Objectives: Emerging data suggest that vitamin D has a significant role in inflammatory bowel disease (IBD). Prospective data evaluating the association of vitamin D serum status and disease course are lacking. We sought to determine the relationship between vitamin D status and clinical course of IBD over a multiyear time period.
Methods: IBD patients with up to 5-year follow-up from a longitudinal IBD natural history registry were included. Patients were categorized according to their mean serum 25-OH vitamin D level. IBD clinical status was approximated with patterns of medication use, health-care utilization, biochemical markers of inflammation (C-reactive protein (CRP) and erythrocyte sedimentation rate (ESR)), pain and clinical disease activity scores, and health-related quality of life.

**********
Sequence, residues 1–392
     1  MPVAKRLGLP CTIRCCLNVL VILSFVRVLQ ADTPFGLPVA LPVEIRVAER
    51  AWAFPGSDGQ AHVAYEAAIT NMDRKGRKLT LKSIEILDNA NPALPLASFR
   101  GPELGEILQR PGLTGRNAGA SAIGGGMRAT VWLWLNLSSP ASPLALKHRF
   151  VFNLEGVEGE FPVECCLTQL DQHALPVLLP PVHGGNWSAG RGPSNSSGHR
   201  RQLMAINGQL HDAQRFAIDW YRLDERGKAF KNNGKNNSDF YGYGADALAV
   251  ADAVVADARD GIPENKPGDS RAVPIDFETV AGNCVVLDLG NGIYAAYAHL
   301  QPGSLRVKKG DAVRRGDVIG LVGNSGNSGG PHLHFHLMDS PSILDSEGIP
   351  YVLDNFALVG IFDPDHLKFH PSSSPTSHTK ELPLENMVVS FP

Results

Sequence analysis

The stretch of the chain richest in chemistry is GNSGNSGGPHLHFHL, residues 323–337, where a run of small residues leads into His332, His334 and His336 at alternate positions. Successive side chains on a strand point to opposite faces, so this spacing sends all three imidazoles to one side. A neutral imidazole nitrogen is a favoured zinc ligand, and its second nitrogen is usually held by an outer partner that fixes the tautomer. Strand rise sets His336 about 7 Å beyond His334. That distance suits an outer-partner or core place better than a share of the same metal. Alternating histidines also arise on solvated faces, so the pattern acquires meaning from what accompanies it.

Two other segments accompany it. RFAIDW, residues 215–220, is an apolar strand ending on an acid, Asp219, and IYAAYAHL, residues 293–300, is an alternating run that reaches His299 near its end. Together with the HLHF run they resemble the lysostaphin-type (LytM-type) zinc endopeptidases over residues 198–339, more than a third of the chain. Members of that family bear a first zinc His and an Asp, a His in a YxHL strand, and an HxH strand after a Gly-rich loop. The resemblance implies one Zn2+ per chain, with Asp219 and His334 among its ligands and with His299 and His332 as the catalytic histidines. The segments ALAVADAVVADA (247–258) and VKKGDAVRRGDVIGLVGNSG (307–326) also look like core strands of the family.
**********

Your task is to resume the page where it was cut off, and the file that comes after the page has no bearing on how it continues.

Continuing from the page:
Results: A total of 965 IBD patients (61.9% Crohn's disease, 38.1% ulcerative colitis) formed the study population (mean age 44 years, 52.3% female). Among them, 29.9% had low mean vitamin D levels. Over the 5-year study period, subjects with low mean vitamin D required significantly more steroids, biologics, narcotics, computed tomography scans, emergency department visits, hospital admissions, and surgery compared with subjects with normal mean vitamin D levels (P<0.05). Moreover, subjects with low vitamin D levels had worse pain, disease activity scores, and quality of life (P<0.05). Finally, subjects who received vitamin D supplements had a significant reduction in their health-care utilization.
Conclusions: Low vitamin D levels are common in IBD patients and are associated with higher morbidity and disease severity, signifying the potential importance of vitamin D monitoring and treatment.